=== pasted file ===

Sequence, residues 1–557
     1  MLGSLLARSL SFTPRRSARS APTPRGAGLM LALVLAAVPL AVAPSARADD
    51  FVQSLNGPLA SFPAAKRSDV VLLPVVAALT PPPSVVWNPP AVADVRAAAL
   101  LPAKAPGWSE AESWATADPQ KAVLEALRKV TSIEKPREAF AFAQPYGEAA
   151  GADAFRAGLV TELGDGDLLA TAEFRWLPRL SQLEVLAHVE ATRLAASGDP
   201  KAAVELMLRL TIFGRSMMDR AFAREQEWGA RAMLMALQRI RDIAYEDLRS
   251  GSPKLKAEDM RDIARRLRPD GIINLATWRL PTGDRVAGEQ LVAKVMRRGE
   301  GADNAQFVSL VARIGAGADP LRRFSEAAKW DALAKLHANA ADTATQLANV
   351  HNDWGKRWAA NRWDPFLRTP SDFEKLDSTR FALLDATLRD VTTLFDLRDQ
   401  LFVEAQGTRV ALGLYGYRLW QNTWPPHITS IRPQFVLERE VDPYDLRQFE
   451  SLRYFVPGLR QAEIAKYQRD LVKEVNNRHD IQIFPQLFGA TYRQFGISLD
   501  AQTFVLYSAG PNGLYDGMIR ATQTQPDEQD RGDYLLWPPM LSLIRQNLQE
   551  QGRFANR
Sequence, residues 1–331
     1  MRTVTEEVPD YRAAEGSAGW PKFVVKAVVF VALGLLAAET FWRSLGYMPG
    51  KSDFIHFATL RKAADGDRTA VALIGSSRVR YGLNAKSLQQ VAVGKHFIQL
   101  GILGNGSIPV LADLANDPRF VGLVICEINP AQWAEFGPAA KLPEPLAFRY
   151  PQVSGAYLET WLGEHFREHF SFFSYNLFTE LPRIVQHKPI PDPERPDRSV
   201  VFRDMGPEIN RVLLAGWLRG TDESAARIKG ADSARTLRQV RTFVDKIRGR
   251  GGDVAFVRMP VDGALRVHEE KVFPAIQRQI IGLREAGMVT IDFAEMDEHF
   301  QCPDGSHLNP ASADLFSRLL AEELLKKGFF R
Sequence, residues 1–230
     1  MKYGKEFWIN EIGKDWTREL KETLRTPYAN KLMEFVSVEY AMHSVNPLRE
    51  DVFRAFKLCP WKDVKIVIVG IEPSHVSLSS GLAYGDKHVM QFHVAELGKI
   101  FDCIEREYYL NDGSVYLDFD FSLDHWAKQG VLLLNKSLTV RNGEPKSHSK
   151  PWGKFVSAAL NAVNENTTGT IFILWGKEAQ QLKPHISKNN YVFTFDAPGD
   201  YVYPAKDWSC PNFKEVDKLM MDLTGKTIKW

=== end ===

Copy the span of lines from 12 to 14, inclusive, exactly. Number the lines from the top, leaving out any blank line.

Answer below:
   501  AQTFVLYSAG PNGLYDGMIR ATQTQPDEQD RGDYLLWPPM LSLIRQNLQE
   551  QGRFANR
Sequence, residues 1–331